Let me make something really clear from the outset: I really liked being married.
My then-wife and I had been together for almost a decade when we tied the knot, and to our surprise it did genuinely change us.
It wasn't a fairytale ending, as the use of the past tense and "then-wife" may indicate, but there's no point being coy about it: I was deliriously happy about being married at the time and remained so for most of the next five years.
We'd been living together, so on the face of it not a lot changed when we performed the legalities in the middle of Adelaide's Botanic Gardens surrounded by our families and friends. But the socially constructed fact is that there is a subtle but crucial difference between being someone's boyfriend and being their husband. "I'm just grabbing a vodka and soda for my wife" has more oomph than the same sentence with "partner". "Wife" had a weight and a gravitas, and I liked using it.
The reason I bring this up is that in all the current discussion about same-sex marriage there’s a lot of discussion about the legal and social benefits that official recognition bestows upon a relationship, and that’s something worth making clear in the wake of the US Supreme Court submissions on the Constitutional validity of California’s Proposition 8 (that “only marriage between a man and a woman is valid or recognized in California”) and the federal Defense of Marriage Act (in which the US government would only recognise opposite-sex unions as far as federal things like tax and immigration, regardless of any state laws permitting same-sex marriage).
And given the likely outcome of our own federal election, it’s worth being aware that our possible future PM is perfectly prepared to deny support of his own sister’s long-term relationship, so is hardly going to make an exception for the rest of the nation. Maybe the delight that has galvanised so many people upon watching New Zealand’s parliament amend their Marriage Act – they freakin’burst into song – will give our leaders pause, although I’m sure part of the public enthusiasm is from the unfamiliar sight of bipartisan support for something, rather than both major parties using every issue as a bludgeon with which to beat the other side.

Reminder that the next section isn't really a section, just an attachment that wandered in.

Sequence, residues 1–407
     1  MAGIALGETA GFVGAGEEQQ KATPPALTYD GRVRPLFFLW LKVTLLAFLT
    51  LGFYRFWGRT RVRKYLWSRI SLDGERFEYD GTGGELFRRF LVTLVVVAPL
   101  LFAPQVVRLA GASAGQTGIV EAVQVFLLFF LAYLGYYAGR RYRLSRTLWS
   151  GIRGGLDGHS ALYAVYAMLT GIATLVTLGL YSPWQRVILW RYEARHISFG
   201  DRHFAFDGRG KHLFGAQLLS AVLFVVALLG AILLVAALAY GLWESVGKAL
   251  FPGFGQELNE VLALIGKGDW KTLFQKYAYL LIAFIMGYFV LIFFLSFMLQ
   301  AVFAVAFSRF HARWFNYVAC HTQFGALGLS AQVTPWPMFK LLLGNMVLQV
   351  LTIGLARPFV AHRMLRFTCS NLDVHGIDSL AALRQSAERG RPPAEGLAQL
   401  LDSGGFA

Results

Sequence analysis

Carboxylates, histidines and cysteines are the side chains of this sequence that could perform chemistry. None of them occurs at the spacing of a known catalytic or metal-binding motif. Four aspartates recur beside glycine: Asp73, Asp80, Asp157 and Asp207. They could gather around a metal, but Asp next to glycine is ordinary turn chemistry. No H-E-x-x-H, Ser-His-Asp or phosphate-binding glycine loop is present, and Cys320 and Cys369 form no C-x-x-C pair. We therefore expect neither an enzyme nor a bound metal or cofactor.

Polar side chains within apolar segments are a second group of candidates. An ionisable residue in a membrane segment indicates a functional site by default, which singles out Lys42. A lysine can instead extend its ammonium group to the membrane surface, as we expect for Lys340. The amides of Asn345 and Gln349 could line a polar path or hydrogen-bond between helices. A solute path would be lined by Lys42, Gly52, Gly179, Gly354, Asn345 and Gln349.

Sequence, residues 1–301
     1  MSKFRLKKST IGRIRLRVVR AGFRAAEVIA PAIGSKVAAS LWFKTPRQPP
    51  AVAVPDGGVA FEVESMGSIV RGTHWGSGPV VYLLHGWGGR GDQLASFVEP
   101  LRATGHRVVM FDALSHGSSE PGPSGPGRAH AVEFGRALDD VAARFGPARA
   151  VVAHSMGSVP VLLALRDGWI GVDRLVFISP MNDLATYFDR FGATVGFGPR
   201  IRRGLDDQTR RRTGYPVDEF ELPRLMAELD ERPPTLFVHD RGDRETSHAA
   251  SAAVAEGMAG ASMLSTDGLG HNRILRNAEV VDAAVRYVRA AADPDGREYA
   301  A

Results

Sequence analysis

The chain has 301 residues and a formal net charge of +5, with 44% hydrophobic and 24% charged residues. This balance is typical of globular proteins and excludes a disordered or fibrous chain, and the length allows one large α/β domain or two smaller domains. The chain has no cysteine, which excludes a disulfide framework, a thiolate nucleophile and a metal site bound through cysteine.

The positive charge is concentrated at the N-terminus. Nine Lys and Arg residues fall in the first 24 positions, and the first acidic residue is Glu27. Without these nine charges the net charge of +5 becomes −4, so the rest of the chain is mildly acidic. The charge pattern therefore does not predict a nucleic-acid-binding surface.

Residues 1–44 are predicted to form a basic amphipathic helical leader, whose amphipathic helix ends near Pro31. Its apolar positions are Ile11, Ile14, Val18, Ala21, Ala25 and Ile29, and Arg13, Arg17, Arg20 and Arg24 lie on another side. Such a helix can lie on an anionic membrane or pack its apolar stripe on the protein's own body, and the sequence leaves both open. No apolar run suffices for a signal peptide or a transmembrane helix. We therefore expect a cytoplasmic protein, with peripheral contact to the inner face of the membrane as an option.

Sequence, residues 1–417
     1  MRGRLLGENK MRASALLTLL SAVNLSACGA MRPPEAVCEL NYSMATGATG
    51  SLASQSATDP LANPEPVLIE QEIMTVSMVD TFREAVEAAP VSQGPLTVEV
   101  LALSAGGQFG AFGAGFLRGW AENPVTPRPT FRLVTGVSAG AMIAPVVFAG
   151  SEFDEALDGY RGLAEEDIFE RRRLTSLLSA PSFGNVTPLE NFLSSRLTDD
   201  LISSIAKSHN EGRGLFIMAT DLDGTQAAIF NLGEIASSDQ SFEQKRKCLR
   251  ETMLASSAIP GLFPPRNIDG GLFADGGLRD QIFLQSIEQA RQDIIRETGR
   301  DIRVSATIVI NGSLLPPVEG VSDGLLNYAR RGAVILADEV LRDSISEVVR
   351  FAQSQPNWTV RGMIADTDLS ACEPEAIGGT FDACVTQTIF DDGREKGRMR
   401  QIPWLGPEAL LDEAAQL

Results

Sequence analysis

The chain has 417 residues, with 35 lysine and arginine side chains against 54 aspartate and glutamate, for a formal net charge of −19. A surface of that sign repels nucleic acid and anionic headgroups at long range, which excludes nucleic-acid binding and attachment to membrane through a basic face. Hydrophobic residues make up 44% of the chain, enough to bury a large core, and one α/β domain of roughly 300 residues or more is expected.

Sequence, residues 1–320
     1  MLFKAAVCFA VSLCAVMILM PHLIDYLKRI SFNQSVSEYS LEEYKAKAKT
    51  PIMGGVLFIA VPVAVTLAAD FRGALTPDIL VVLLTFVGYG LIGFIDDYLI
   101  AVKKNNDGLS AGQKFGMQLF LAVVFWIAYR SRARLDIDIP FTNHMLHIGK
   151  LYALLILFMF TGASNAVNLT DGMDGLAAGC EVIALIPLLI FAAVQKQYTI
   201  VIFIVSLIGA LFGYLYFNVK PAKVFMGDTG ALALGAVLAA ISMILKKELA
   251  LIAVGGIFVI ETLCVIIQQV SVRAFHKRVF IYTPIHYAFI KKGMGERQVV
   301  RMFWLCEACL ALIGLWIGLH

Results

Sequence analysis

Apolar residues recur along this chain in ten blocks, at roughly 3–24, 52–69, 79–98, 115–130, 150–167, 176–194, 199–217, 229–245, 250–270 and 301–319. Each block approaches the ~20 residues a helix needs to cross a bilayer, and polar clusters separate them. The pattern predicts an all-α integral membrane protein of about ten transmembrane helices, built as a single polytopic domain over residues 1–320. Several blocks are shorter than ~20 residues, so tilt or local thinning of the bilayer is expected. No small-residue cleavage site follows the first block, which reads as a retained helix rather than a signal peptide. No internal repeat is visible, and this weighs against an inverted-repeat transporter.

Marriage is a legal arrangement that recognises a unique relationship between two people in situations that involve their shared lives. It’s also, y’know, genuinely kinda lovely. I attended a wedding the other week, as it happens, and was reminded that weddings are one of the all-too-few opportunities in life for otherwise disparate groups of people to get together for a day of uncomplicated joy. These things are fun, to cite the ageless wisdom of Dr Suess, and fun is good.
That’s not in any way to diminish other partnerships, let me make clear. I know plenty of people don’t see any need for the ring and the bit of paper. However, that doesn’t mean that those people that do get married are solely doing so because of The Society or Jesus or The Parents. Those all have influence on some peoples’ decision, of course, but it seems to me that most people are getting married because, well, they like the idea of being married.